Children’s Evolving Understanding of Race

Scientific research today continues to enhance our understanding of how kids see and make sense of race. At the most primitive level, even infants can distinguish between Black and White faces. Between the ages of 3-5 years, children can categorize themselves and others using racial labels. When children enter formal schooling, they often talk about race in terms of physicality. This is the biology of race – skin color, hair color or heredity, how kids match their parents. For example, kids may say that being White means, “you have a White mom and dad and you’re born with their same skin color.” During the school-aged years, children begin to focus on the social aspect of race, which includes behaviors, personality traits, group differences and comparisons. Here are several examples. A child may explain that being Black means that “you talk different and have a different voice, and you wear different clothes than White people.” Or a Chinese child might describe being Chinese as “speaking a different language and eating different food that White people don’t eat.” These social and behavioral descriptions of racial group differences are the tools that children use to make sense of race.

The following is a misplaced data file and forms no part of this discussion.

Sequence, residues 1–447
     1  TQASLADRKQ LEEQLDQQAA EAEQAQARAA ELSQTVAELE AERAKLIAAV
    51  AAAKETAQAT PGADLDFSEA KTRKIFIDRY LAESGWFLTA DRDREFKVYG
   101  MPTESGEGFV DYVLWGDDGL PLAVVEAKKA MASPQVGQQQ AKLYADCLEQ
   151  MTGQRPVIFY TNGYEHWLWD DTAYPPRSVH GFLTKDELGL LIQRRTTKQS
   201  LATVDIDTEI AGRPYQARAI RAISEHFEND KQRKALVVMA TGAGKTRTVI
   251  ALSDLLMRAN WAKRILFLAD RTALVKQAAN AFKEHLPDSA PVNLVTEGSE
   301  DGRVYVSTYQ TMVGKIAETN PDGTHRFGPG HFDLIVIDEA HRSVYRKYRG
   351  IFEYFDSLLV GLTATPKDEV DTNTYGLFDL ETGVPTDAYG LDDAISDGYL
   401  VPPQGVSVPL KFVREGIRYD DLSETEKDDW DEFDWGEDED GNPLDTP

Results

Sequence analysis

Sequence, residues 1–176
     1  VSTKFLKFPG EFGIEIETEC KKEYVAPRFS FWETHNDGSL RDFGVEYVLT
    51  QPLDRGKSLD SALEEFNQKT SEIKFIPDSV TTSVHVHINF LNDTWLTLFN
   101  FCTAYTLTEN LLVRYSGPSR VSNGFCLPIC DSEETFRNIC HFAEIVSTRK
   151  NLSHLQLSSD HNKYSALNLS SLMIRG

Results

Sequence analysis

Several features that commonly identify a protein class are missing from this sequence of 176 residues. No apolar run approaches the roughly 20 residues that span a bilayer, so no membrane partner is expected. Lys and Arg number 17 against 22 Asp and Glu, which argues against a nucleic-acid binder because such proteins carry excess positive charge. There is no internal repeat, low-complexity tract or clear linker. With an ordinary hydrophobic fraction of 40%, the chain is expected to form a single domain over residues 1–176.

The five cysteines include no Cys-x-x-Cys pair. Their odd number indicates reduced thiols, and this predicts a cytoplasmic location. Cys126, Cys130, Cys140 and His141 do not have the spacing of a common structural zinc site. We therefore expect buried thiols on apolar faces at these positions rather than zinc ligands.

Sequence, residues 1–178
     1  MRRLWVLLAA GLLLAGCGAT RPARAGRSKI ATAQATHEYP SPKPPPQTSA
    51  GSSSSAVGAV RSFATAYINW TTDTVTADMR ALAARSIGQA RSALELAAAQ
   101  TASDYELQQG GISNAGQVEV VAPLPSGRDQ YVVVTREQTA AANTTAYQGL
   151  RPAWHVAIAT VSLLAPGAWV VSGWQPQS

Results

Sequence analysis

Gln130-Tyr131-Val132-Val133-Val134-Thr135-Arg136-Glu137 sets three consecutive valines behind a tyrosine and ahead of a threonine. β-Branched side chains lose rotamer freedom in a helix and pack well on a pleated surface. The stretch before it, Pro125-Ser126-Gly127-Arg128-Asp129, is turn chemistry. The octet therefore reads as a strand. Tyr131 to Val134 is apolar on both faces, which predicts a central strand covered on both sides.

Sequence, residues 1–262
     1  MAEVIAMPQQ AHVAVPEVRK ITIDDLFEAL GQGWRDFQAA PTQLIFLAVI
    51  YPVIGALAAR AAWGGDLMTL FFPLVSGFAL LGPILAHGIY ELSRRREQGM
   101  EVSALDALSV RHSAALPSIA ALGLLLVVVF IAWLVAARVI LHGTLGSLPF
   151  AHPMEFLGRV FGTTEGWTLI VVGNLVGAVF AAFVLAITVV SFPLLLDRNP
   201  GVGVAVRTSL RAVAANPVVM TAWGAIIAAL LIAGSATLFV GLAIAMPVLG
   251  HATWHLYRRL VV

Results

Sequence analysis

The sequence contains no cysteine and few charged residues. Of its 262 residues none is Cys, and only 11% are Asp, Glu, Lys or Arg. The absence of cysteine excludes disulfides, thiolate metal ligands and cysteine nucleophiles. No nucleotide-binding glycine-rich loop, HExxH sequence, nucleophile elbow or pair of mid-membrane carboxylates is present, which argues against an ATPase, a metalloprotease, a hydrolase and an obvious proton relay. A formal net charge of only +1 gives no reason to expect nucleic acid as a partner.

• Bias
    the belief that some people or ideas are better than others, usually resulting in unfair treatment
    Biological race
    physical racial features such as skin color, hair textures, and facial features
    Explicit racism/bias
    racism that is plainly expressed through words and or actions
    Implicit racism/bias
    racism that hides in our unconscious biases and gets expressed in our actions
    the beliefs and practices that uphold and reinforce inequalities based on race
    Social identity
    a person’s sense of self that is based on group membership
    Social race
    The social norms, attitudes, beliefs and behaviors that accompany racial groups
    Systemic racism
    policies, practices, and laws that reinforce social inequalities by discriminating against groups of people, either directly or indirectly, and limiting their rights